Conservation recommendations coming
Bay programs release joint report
Wednesday, Dec. 15, 2010
The Chesapeake Bay Program and Chesapeake Conservancy released a comprehensive study specifically pertaining to land conservation in the Chesapeake Watershed on Monday, in an effort to allow more coordination between watershed states and the federal government in light of constrained budgets.
The new study, "Conserving Chesapeake Landscapes: Protecting Our Investments; Securing Future Progress," provides policy recommendations for how states can accomplish the goals for land conservation and public access established by the President's Executive Order for restoring the Chesapeake. The report drew from the expertise of an advisory panel and land conservation experts, according to its publishers.
Ann Swanson, executive director of the Chesapeake Bay Commission, said during a conference call on Monday that the report was first of all intended to analyze whether the CBC met its original 2000 agreement goal of conserving 20 percent of the watershed by 2010.
"Now of course it's 2010 and we needed to take a look at what happened," Swanson said, adding, "We have met the goal of 20 percent. That has been exceeded."
Swanson said she is hopeful that "right now it appears the fastest growing group of farmers in the watershed are 65 years or older." In Maryland, Pennsylvania and Virginia, specifically, 10 percent are at least 75 years old.
That means, she continued, farmland soon will transfer to younger hands, opening the doors for a new generation of farmers who seem to know more about land conservation than the previous one. The report further states, "This exceptional window of opportunity deserves an equally unprecedented effort by land professionals to maintain and preserve the Bay's treasured natural and working landscapes."
Next, the report examines the new goals, particularly as set forth by the executive order, and outlines a recommended action plan for both the states and the U.S. government, Swanson said.
A major goal of order is to conserve two million acres of land and identify 300 public access points by 2025. In order to achieve this, the report lists three main approaches, from which six recommendations for action flow. The three approaches include: maintaining state conservation programs with more federal aid; sustaining local conservation programs while exploring new options and unleashing the potential of ecosystem markets such as nutrient trading programs.
Currently, the full funding for the Land and Water Conservation Fund is $900 million nationwide, Swanson said, with about $5.6 million going toward the bay watershed states. If the federal government grants the CBC's request for more aid, the watershed states, she said, "It could result in about $20 million to the bay region."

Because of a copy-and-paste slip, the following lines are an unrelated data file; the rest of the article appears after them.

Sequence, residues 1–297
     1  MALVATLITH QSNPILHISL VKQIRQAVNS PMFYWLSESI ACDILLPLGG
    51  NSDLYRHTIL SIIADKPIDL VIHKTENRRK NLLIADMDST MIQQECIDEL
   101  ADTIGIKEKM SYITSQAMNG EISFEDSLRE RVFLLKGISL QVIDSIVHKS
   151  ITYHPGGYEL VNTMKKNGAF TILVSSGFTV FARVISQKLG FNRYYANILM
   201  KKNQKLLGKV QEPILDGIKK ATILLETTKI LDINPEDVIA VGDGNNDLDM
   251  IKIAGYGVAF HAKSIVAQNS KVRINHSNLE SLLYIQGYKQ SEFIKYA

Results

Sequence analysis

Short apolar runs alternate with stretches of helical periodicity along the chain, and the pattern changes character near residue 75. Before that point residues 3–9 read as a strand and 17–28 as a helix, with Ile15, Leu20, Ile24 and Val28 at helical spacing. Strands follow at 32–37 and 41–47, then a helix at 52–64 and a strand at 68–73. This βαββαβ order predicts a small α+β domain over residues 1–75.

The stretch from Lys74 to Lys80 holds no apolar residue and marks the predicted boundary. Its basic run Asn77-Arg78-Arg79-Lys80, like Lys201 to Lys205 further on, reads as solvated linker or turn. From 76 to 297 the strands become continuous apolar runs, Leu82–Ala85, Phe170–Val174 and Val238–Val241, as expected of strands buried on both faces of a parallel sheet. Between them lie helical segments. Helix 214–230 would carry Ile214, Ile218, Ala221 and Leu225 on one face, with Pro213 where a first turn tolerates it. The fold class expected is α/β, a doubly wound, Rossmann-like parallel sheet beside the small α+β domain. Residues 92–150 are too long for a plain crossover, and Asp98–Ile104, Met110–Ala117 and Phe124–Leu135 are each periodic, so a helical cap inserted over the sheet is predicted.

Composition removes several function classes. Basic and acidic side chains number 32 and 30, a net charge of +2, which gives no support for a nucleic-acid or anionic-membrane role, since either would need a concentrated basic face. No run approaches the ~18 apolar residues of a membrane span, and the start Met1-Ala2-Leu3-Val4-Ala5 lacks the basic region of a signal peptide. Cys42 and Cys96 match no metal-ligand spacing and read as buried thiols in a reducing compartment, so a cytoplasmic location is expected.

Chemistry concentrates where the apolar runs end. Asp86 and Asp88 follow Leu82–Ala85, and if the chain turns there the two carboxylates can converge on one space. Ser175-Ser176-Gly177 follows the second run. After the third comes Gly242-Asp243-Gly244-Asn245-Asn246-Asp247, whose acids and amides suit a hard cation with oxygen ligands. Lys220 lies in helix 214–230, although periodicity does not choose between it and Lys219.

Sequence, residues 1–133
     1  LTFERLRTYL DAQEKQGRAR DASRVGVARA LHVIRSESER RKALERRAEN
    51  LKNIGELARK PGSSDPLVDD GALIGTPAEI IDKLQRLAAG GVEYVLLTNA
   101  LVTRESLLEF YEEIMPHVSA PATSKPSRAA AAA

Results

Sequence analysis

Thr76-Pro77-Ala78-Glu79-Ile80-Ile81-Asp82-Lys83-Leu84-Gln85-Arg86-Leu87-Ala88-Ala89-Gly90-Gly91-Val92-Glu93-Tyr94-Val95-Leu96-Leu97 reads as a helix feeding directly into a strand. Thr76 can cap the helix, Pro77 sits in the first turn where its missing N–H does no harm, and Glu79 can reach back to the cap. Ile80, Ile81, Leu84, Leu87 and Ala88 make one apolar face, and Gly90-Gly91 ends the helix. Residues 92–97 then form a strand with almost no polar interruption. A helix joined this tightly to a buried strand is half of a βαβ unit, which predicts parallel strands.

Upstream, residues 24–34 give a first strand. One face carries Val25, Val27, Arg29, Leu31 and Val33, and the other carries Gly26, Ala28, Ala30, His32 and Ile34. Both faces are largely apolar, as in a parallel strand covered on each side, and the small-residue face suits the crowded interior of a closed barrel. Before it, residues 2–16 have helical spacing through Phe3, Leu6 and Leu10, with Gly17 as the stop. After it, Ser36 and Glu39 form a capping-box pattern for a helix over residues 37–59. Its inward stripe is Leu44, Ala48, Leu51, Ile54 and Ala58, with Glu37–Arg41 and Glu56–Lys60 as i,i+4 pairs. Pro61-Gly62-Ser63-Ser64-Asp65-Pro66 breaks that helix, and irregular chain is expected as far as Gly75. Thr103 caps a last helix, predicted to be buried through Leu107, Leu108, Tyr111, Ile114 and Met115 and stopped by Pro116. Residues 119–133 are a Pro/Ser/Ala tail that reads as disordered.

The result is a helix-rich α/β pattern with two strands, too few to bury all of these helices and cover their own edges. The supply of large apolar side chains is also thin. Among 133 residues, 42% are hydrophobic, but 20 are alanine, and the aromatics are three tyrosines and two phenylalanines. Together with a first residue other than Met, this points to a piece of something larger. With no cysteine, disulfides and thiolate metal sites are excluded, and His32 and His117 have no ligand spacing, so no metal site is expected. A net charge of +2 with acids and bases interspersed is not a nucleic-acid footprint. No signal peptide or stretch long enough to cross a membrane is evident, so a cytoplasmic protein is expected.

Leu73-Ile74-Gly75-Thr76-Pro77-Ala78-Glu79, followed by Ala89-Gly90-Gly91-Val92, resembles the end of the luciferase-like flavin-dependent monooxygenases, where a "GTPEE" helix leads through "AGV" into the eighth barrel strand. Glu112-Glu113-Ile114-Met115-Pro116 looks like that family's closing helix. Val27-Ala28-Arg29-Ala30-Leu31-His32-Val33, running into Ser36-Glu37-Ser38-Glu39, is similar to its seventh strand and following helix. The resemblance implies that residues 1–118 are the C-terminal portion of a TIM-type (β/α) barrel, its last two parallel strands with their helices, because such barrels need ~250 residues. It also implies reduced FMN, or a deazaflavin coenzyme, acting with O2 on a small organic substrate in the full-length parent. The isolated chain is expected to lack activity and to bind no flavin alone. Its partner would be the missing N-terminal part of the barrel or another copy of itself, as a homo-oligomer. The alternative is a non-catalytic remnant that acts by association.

Other increases in federal aid could come from the U.S. military's Readiness and Environmental Protection Initiative and potential grants from the Department of the Interior for land conservation efforts, she added.
Bill Matuszeski, the former head of the CBP, explained the six major recommendations offered in the new study: focusing on working lands; maximizing water quality benefits; enhancing public access; strengthening state, local and nonprofit programs; expanding federal land conservation investments and supporting the emerging role of the private sector.
The first goal encourages states and local governments to work together to ensure the conservation of working farmland and forests through support programs, technical assistance and strong zoning regulations, Matuszeski said. "That is really important to local economies and rural areas," he said.
One of the proposed actions in the report for maximizing water quality benefits is the development of "eco-easements." Scientists and landowners would work together to reduce forest nutrients, improve stormwater management and strengthen wetlands against rising sea levels.
Matuszeski also recommended states alter current transportation routes to allow better public access to waterways and increase their dedicated revenue sources, tax incentives and market-based incentive programs to inspire more people to conserve. "We do not believe any of the states now have all three," he said.
To encourage the private sector to help conserve, Matuszeski said, the government could help offset costs while local governments work on enacting nutrient trading programs for sewerage treatment plants, for instance.
"This is a terrific opportunity for private markets," he said, and for local governments "to establish very strong rules in the game."
Maryland State Sen. Thomas "Mac" Middleton (D-Charles), chairman of the CBC, said the commission "is very, very pleased and very, very excited about this report. I'm glad we have an opportunity to talk about … what we can do to continue the momentum" of restoring the bay in recent years.
The senator said he approves of the study and will continue to remain an active advocate for land conservation bills in the Maryland General Assembly.
To learn more
To view the "Conserving Chesapeake Landscapes" report, go to www.chesbay.virginia.gov/Publications/Conserving-Chesapeake-Landscapes.pdf.